Her foolishness in going to the man’s place of residence after the break-up not once but twice, when it was virtually certain that he had been violent to her many times before, is something to which I have found by experience that it is hazardous to allude, at least to an audience of middle-class intellectuals. Such an audience immediately supposes that I am blaming the woman for the man’s behavior, which is entirely, and I might say maliciously, to miss the point. It is absolutely no mitigation of the man’s behavior that the woman in the case was foolish; but to disguise this foolishness on the grounds that it might be considered ‘blaming the victim’ has two harmful aspects.
First it confuses the spheres of the legal and the moral. Foolishness is not a crime and is not punishable by law, but it is still foolishness. To suppose that the foolishness of the victim might be a mitigation of the crimes against her makes the overlap of the legal and the moral so great that it is an invitation to totalitarianism. The wisdom or foolishness of the victim had nothing to do with the man’s legal guilt.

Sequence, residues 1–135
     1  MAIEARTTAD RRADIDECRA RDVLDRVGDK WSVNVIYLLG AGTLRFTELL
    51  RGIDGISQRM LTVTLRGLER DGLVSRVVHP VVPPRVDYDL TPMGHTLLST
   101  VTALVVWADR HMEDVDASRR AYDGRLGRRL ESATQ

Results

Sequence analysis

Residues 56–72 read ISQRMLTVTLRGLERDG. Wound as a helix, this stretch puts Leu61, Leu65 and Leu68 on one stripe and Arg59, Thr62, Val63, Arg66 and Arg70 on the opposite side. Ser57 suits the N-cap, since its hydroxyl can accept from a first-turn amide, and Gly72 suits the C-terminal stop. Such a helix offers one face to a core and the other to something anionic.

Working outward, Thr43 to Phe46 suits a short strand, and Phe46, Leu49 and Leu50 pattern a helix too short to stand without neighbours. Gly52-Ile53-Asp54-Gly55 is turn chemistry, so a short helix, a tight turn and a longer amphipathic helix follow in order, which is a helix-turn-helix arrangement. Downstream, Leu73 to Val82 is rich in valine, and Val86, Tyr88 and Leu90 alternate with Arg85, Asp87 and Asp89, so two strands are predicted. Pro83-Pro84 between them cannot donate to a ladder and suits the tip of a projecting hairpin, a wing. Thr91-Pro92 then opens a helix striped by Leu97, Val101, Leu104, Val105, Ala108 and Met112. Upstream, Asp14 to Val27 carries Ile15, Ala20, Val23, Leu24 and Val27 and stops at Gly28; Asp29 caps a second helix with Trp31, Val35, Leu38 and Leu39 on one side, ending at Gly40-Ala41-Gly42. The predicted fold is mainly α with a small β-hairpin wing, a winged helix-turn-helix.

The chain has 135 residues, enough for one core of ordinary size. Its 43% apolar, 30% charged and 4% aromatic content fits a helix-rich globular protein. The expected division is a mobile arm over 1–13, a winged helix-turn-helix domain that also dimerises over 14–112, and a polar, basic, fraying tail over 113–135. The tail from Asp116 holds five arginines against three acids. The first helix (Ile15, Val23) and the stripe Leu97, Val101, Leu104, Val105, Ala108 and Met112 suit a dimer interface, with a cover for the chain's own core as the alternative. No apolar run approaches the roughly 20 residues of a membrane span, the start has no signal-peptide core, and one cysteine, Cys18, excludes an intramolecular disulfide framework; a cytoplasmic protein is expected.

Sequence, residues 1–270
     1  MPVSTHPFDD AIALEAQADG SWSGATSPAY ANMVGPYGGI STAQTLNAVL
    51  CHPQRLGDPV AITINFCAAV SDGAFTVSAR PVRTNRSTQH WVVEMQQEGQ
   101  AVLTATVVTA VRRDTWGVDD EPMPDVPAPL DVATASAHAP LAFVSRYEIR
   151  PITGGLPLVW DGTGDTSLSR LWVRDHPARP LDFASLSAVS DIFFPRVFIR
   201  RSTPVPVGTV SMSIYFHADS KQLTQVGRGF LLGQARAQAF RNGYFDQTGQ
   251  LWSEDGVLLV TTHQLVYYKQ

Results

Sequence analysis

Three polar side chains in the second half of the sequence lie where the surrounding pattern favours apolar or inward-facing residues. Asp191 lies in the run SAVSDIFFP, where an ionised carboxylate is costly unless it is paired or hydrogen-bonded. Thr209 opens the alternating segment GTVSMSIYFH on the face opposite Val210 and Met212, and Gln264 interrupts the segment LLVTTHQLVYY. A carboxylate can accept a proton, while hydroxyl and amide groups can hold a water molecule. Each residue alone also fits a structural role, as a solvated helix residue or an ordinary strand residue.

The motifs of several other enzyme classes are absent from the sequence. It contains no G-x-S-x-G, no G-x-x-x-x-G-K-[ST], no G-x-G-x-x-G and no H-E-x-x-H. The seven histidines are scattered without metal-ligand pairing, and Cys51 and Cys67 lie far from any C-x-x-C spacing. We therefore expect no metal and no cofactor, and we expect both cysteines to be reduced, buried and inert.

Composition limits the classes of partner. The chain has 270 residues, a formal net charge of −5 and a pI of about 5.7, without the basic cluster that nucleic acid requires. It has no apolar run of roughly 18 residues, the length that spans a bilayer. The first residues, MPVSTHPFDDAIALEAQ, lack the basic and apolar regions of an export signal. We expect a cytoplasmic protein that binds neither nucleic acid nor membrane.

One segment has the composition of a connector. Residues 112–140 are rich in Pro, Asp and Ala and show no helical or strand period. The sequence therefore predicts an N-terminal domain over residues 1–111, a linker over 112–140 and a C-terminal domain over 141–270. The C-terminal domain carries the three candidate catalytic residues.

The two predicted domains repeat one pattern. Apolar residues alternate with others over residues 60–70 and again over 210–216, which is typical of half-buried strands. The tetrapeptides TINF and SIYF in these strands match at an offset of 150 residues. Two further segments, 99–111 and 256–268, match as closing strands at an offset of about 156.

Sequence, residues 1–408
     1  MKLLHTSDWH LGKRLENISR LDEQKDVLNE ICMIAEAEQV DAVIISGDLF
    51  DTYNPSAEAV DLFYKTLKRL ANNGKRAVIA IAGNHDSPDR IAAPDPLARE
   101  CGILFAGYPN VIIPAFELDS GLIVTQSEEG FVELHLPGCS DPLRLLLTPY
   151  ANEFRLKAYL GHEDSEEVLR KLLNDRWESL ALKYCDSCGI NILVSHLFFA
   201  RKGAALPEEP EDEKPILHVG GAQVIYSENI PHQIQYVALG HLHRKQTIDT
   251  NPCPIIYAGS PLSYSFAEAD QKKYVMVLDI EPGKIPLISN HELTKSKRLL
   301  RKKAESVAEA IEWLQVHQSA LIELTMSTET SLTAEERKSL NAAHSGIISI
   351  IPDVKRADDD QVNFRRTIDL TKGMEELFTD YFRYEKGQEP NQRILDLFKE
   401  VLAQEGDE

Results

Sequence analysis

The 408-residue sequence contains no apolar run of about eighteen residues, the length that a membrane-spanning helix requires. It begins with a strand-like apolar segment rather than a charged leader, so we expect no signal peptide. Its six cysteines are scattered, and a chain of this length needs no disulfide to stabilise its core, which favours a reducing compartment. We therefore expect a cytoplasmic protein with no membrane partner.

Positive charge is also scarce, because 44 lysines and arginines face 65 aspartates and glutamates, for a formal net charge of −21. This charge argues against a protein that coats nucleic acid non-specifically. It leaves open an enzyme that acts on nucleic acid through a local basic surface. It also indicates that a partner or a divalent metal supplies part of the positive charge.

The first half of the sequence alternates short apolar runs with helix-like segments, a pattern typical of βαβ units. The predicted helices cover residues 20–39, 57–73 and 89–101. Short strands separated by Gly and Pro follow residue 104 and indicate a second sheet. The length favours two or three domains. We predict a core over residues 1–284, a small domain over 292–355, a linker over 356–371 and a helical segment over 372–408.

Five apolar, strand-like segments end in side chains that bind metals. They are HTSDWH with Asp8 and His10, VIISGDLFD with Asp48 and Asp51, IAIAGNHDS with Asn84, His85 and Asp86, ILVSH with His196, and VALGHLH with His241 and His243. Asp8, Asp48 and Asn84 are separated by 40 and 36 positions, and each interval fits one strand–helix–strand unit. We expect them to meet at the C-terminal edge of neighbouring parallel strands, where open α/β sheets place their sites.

Second, to obscure from the woman her own foolishness, on the grounds (for example) that she is suffering from some kind of syndrome and is therefore not responsible for her own actions, is to dehumanize her and to deny her the agency to behave any differently in the future. My experience of such women is that they are perfectly capable of acknowledging their own foolishness, and indeed do so with relief, after having been persuaded for so long that they are passive victims and nothing but passive victims. There are, of course, such victims in the world: but this woman was not one of them. Moreover it is a very short step from considering the woman in the case to be nothing but a victim to considering the man in the case also to be nothing but a victim – in need, in short, of an Integrated Domestic Abuse Programme.